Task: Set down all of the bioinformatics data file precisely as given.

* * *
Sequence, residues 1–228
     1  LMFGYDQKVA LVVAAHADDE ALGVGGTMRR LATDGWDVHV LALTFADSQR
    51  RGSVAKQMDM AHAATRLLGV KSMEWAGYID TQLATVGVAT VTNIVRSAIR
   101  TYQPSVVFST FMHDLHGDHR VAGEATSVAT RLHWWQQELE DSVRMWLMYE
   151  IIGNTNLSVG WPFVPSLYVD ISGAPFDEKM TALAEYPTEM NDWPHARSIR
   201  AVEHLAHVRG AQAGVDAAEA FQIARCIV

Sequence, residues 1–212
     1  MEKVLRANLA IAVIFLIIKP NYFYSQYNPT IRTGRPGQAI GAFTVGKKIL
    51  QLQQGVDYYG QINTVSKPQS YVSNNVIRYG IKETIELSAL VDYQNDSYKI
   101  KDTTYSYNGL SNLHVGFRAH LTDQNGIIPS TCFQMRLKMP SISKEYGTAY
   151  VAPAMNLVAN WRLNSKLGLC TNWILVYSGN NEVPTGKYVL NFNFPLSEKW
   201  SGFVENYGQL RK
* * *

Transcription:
Sequence, residues 1–228
     1  LMFGYDQKVA LVVAAHADDE ALGVGGTMRR LATDGWDVHV LALTFADSQR
    51  RGSVAKQMDM AHAATRLLGV KSMEWAGYID TQLATVGVAT VTNIVRSAIR
   101  TYQPSVVFST FMHDLHGDHR VAGEATSVAT RLHWWQQELE DSVRMWLMYE
   151  IIGNTNLSVG WPFVPSLYVD ISGAPFDEKM TALAEYPTEM NDWPHARSIR
   201  AVEHLAHVRG AQAGVDAAEA FQIARCIV

Sequence, residues 1–212
     1  MEKVLRANLA IAVIFLIIKP NYFYSQYNPT IRTGRPGQAI GAFTVGKKIL
    51  QLQQGVDYYG QINTVSKPQS YVSNNVIRYG IKETIELSAL VDYQNDSYKI
   101  KDTTYSYNGL SNLHVGFRAH LTDQNGIIPS TCFQMRLKMP SISKEYGTAY
   151  VAPAMNLVAN WRLNSKLGLC TNWILVYSGN NEVPTGKYVL NFNFPLSEKW
   201  SGFVENYGQL RK